Skip to 0 minutes and 7 seconds A warm welcome to our course, From Ink to Sound, Decoding Musical Manuscripts. My name is Matteo Nanni. As a professor of musicology, I taught at the University of Basel, and I’m now teaching at University of Giessen. In this course, we would like to take you on a journey through time, and explore with you the history of musical notation. During the next weeks, we will be your guides to the world of musical script. You will discover how to read musical manuscripts from the past.
Skip to 0 minutes and 50 seconds My name is Angelika Moths. I’m teaching history of musical notation at the Schola Cantorum Basiliensis and music theory at Basel University. I also would like to welcome you to this course.
Skip to 1 minute and 10 seconds To turn ink into sound, it needs voices and instruments. The ensemble Gilles Binchois under the direction of Dominique Vellard and musicians of the Schola Cantorum will ensure that this course will not only be an intellectual, but also, a sensual experience for you.
Skip to 1 minute and 34 seconds Every day, at home or in the street, in the car or at the supermarket, we are surrounded by music, and do never ask if and how it’s written down. We hear the passing of the ephemeral sounds, but we are a little stumped if somebody asks us to write them down.
Skip to 2 minutes and 0 seconds Otherwise, we must think, that without written music, we wouldn’t have access to the music of the past. In the course of the centuries, musical notation evolved out of the oral tradition of singing and playing.
Skip to 2 minutes and 25 seconds Our actual system of musical notation is the result of a long term process, which began in the Middle Ages, and still goes on.
Skip to 2 minutes and 40 seconds In this course, we are going to discover, and to deepen the insight, into the most important occurrences of the development of notation. Through this course, you’ll get acquainted with different kinds of musical notation, and you will learn how to decode and transcribe them. Finally, you will be able to reflect on historically informed performance, to look hopefully at ancient music with fresh eyes.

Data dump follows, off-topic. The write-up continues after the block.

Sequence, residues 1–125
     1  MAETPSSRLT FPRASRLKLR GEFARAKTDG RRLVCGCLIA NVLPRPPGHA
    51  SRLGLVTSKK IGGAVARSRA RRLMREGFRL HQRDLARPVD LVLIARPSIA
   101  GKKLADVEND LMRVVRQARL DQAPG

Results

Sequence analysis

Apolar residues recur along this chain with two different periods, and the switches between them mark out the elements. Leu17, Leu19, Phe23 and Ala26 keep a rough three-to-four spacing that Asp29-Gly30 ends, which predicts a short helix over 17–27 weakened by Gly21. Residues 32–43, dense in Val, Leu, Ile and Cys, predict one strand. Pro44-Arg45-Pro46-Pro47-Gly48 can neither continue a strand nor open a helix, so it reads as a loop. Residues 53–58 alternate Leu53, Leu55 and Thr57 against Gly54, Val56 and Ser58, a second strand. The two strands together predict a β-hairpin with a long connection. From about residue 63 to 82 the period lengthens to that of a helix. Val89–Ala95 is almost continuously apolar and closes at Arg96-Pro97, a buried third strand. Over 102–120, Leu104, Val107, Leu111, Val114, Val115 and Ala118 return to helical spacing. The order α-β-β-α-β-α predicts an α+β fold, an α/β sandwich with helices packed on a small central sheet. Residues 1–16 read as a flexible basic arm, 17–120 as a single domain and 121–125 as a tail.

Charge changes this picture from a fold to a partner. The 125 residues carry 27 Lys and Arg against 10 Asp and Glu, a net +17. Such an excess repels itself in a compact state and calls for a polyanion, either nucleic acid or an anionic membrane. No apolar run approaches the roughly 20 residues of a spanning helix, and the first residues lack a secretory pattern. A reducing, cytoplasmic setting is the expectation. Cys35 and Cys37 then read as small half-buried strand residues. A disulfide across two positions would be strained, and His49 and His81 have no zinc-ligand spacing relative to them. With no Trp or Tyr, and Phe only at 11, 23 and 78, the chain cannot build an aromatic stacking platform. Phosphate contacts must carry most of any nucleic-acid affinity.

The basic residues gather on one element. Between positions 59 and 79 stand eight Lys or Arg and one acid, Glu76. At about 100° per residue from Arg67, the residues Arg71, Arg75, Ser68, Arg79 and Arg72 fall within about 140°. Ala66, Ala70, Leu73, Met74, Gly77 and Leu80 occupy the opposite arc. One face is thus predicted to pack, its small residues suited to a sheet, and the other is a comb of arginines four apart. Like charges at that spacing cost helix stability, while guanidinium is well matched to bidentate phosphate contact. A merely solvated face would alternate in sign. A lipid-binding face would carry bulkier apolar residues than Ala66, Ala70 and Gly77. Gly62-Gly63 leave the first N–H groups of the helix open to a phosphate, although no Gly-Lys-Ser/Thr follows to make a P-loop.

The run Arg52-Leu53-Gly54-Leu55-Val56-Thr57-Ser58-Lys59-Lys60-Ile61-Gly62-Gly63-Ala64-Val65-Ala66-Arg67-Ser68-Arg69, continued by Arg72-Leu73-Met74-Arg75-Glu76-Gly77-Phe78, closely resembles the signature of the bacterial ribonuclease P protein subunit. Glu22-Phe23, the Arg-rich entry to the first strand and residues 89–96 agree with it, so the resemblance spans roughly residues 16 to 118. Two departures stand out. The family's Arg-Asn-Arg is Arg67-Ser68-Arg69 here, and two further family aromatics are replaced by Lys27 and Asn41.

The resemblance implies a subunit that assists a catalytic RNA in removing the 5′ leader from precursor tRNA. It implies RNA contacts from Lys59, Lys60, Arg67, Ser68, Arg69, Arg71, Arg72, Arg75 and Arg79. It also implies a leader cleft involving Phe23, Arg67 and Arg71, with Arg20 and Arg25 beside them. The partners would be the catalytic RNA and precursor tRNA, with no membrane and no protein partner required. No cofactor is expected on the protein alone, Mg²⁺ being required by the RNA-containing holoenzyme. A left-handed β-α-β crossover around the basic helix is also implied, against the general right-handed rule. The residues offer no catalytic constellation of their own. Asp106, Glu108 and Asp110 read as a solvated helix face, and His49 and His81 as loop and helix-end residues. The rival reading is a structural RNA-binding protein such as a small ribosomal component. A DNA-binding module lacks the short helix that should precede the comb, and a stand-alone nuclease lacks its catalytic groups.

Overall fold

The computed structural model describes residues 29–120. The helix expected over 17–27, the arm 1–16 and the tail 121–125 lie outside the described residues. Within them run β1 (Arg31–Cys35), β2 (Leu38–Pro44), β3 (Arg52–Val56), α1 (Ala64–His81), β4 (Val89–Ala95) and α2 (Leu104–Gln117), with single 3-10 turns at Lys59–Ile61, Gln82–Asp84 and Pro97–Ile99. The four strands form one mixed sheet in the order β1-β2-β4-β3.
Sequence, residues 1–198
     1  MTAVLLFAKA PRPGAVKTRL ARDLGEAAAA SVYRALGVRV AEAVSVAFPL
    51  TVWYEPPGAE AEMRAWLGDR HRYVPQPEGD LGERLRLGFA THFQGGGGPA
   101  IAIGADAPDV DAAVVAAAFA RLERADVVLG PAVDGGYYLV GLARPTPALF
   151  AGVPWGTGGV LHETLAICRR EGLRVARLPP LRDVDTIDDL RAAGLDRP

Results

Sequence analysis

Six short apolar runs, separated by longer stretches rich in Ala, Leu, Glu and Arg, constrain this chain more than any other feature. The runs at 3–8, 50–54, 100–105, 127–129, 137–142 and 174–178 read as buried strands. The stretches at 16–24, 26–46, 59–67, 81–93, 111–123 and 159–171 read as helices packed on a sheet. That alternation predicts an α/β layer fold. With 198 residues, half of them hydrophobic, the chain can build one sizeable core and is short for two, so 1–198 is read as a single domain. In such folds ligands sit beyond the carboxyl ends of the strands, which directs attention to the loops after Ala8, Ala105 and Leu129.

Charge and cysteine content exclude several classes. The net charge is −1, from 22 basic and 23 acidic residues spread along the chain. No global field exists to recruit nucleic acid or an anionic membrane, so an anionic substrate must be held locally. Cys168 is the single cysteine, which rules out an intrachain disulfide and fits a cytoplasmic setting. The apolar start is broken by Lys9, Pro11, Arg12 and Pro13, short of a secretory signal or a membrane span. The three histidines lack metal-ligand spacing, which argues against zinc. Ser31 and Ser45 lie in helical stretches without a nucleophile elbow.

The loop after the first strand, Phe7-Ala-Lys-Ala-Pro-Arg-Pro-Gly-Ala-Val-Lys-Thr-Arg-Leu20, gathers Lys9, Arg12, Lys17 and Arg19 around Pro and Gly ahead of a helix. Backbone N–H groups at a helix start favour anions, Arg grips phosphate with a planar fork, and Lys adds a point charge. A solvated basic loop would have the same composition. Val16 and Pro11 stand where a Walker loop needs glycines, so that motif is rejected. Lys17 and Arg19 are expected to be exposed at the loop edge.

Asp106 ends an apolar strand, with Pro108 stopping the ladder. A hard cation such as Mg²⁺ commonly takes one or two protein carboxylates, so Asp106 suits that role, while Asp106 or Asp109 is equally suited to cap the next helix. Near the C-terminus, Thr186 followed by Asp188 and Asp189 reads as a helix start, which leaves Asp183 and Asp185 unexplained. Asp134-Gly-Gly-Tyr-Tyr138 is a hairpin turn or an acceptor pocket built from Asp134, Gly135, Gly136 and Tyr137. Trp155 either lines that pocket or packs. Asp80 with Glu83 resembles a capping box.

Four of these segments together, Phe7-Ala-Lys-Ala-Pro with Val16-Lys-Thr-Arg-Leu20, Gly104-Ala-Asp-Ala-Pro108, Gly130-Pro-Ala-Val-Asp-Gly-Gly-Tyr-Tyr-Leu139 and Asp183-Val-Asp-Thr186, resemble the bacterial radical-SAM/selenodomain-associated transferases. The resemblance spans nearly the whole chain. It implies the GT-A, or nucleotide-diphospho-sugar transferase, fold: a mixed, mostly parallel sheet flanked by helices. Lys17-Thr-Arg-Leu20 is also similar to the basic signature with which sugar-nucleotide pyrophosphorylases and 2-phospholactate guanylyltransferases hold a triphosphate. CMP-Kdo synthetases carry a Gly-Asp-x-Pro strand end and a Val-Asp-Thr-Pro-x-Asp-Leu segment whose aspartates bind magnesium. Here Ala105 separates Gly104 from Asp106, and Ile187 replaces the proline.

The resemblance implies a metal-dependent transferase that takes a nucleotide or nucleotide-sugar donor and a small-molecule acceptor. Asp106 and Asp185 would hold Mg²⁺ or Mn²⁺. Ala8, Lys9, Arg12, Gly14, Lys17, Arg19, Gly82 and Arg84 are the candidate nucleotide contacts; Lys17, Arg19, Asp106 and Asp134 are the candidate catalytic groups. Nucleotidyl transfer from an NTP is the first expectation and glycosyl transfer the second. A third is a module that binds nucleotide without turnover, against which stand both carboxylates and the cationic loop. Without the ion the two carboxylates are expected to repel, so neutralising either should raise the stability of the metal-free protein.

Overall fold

Hearing and writing music: close-ups on musical notation
Music is an ephemeral object, its existence defined by the flow of time and bound to the present of its performance. If music would not be written down, how could we know the musical compositions from times remote? Notation supplies a unique access to music from the past.
In this course you will learn how to understand the theoretical and practical principles of reading musical notation from the Middle Ages until the Early Modern period. You will get the basic knowledge needed to decode and transcribe early notational systems. We would also like to encourage you to reflect upon the challenges and principles of musical notation as we take into consideration semiotic approaches and visual theory. In addition this course offers several recordings of ancient-music performances provided by musicians of the Schola Cantorum Basiliensis. This will ensure that you will experience the music also aesthetically.
Some of the central questions we shall tackle during the next seven weeks are the following:
- What do we know about the materiality of musical notation?
- How can we learn to read music written in its original notation?
- Are we able to reconstruct music from the past?
- How did the way we note music evolve through history?
- With which strategies did people visualise music in medieval and renaissance times?
- What can we learn from the history of musical writing in order to deepen our understanding of music?
These are questions for anyone who has ever picked up a manuscript or a facsimile with original notation from the Middle Ages or the Renaissance and enjoyed it. For the answers, we must look to our best current understanding of how notation works – and that means entering into the field of musicology and music philology.
From Ink to Sound provides the basic knowledge you need to read original notation. At the same time the course starts with the assumption that there is a gap between the philological study of musical sources and their reflection in cultural history that should be bridged.
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